Barn Owl (click to see the larger version)
This is why it pays to keep birding in June (and why it also pays to track down complaining blackbirds).
I was at Montrose on June 7, looking for late migrants and any oddball birds that might show up. Montrose holds late migrants better than most places and I try to keep birding it until the second week in June or so. At about 8:00 a.m. I heard some Common Grackles and Red-winged Blackbirds making a major league ruckus over something in the trees not far from where I was. I walked over to where they were, expecting to see a Cooper’s Hawk or something else mundane. When I scanned the trees where the blackbirds were I saw a Barn Owl, looking very agitated. I took a few photos, admired the bird for a bit, and walked away. The blackbirds were mercilessly harassing the owl and I didn’t want to stress it any further. After a few minutes, I stopped hearing the blackbirds complaining, so I don’t know if the owl settled in or flew off to calmer pastures. This is about the 5th Barn Owl I’ve seen at Montrose in the 40 years I’ve been birding there.
The Barn Owl was the highlight today but there were also a few late migrants, mostly flycatchers and shorebirds. See my eBird checklist below for details.
Black-necked Stilts (click to see the larger version)
The 2 Black-necked Stilts seen on May 27, 2016 represent just the second record of this species for Montrose (the first occurring in May 2015). Black-necked Stilts have been moving north for a couple decades and now breed in Illinois, so the recent sightings from Montrose aren’t surprising.
Franklin’s Gulls (click to see the larger version)
I spent a couple hours at Montrose this morning, May 27. Most of the passerines from earlier in the week must have flown north with the south winds, which isn’t surprising. The waterbirding however was much better. Two Black-necked Stilts and 2 immature Franklin’s Gulls were on the beach early in the morning. The stilts were in the fluddle on the beach, working west and feeding along the way. They flew to the east and disappeared after a little while. The Franklin’s Gulls didn’t stay long either. Black-necked Stilt is an accidental species at Montrose, with just one previous record.
The real excitement came when a group of Double-crested Cormorants flew over that contained a noticeably smaller cormorant. We could tell the bird was brownish, so it was probably an immature, and based on size likely a Neotropic, a species unrecorded at Montrose. The bird was too far away and the flock was moving too fast to make out any other plumage features. I’m not going to add it to the list of birds seen at Montrose because of the distance involved but I think it was a Neotropic.
A Worm-eating Warbler was clearly the best bird at Montrose this
morning, May 22. I first heard it singing in the peripheral plantings
just about due south of the Magic Hedge. I initially passed the bird off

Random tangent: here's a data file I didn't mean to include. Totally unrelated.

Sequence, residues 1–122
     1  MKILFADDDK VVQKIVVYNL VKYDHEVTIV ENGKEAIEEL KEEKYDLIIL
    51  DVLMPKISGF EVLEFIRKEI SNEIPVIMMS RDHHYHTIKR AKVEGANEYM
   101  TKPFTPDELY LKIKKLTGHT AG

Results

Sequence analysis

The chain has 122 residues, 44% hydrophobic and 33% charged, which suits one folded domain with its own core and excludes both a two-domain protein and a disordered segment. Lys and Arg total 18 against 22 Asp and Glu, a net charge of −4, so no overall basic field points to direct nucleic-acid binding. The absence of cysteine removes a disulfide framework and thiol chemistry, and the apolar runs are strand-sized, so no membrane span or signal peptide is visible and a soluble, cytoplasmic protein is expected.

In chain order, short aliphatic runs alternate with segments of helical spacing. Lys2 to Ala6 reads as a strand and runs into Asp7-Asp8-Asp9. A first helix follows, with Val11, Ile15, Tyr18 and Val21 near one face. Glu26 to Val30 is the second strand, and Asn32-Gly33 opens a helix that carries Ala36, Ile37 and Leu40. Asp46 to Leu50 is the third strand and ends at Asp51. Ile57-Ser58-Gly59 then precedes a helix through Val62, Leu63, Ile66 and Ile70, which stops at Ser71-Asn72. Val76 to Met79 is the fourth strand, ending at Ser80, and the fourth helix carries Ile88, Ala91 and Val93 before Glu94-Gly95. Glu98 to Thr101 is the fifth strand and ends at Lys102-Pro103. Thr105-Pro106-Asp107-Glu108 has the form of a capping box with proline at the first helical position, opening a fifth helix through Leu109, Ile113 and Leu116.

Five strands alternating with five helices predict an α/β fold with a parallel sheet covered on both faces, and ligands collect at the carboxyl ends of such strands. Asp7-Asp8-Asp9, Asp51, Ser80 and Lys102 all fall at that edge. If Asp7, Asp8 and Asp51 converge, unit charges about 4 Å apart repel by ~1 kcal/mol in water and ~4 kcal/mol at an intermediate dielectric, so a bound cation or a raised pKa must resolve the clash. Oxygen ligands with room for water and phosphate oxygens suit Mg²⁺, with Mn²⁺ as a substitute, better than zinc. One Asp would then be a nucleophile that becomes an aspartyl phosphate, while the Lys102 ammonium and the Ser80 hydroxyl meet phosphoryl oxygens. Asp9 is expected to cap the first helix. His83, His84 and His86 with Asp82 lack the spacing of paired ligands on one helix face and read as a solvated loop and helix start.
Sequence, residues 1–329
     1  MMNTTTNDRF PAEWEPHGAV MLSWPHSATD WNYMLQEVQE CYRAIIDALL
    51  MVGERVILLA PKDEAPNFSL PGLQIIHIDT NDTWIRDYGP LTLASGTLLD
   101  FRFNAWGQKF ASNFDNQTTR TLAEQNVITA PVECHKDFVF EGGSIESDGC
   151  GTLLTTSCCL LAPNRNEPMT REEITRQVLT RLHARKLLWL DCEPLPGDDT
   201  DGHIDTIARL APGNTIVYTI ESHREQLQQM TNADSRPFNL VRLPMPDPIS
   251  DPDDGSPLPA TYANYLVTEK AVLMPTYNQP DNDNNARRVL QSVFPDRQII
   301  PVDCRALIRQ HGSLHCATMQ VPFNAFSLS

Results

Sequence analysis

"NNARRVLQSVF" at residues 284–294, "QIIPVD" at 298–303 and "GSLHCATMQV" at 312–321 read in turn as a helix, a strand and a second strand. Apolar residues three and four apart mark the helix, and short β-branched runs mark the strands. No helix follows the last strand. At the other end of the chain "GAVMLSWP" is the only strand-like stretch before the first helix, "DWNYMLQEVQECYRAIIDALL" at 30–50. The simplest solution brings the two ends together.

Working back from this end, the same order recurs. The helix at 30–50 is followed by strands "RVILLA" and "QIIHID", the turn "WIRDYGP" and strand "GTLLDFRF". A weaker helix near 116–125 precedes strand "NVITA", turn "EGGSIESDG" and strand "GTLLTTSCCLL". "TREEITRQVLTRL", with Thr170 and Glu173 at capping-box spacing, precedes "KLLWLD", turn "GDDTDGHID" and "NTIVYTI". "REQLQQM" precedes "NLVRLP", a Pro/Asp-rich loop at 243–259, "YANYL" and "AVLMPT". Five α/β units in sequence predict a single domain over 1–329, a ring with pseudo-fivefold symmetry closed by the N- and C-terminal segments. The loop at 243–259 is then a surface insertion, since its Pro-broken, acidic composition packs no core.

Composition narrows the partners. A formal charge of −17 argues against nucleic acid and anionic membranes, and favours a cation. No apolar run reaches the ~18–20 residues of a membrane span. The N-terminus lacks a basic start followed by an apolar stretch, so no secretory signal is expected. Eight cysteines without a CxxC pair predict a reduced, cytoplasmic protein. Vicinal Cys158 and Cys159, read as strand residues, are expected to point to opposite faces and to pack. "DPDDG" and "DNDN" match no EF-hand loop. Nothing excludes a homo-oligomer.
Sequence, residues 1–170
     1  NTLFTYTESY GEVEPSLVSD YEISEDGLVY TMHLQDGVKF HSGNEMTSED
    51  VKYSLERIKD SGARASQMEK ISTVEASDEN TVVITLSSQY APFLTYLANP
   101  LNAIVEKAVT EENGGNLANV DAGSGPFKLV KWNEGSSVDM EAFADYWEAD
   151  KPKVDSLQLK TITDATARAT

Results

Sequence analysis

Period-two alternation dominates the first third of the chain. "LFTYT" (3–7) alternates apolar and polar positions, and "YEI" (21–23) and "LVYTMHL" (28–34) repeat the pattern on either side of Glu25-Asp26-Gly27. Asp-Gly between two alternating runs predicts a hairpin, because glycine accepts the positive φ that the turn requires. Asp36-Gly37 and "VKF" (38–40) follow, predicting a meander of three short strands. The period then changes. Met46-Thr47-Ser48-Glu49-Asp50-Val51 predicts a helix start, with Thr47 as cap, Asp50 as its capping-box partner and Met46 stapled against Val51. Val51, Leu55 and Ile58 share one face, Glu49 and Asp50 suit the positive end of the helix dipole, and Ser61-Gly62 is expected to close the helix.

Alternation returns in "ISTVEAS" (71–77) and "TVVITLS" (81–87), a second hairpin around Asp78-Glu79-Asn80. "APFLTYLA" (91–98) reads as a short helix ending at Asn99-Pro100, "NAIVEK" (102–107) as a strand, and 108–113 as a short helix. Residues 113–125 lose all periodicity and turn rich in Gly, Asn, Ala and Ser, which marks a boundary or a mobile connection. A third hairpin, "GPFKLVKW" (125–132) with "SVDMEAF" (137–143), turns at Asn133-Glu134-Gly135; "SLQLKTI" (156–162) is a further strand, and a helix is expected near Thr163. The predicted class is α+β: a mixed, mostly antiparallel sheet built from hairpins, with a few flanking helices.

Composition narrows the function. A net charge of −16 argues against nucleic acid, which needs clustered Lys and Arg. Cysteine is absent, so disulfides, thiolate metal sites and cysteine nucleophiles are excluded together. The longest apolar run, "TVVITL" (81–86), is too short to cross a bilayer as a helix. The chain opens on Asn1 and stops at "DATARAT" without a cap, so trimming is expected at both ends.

as a Chipping Sparrow and even walked by it a couple times without
visually confirming the identification. On my last pass I decided to
actually look at the bird and my Chipping Sparrow morphed into a
Worm-eating Warbler. The bird hung around for a while and multiple
people were able to see it. There are only a handful of records of
Worm-eating Warbler for Montrose and this is the first one I’ve seen
there. I hope some of the photographers got good shots of it.
Say’s Phoebe. Photo by Ron Blazek (click to see the larger version)
A Say’s Phoebe was at Montrose this morning, May 16. The bird was found in the southeastern corner of the Dunes and worked its way to the western panne where it was last seen. This is the second record of Say’s Phoebe from Montrose, the first coming from May 11, 2001. Say’s Phoebe is casual in Illinois (3 to 7 accepted records in the last 10 years).
Slaty-backed Gull in Montrose Harbor. Photo by Kanae Hirabayashi. (click to see a larger version)
An adult Slaty-backed Gull was at Montrose Harbor this morning, January 30. I first noticed the bird sitting on the water at the west end of the harbor around 7:45. I had a hunch it was a Slaty-backed due to the large size, dark upperpart color, heavy head and neck streaking, and prominent white tertial crescent. When the bird flew I could see several additional clinching field marks, including the broad white trailing edge to the wing and “string of pearls” primary pattern. The bird settled down on the ice for the next 45 minutes or so and several people were able to see and photograph it. It seemed quite content but at 8:45 it got up and flew to the north and didn’t come back. This is the 340th species and 20th gull for Montrose.
I had a few other things at Montrose this a.m., including an adult Thayer’s Gull in the harbor, 6 flyby White-winged Scoters, and the 2 continuing female type Ruddy Ducks in the lake south of the handicapped parking lot. Some kind of small fish are running in the harbor, which probably explains why there have been so many Herring and Ring-billed Gulls around, and why the Slaty-backed showed up.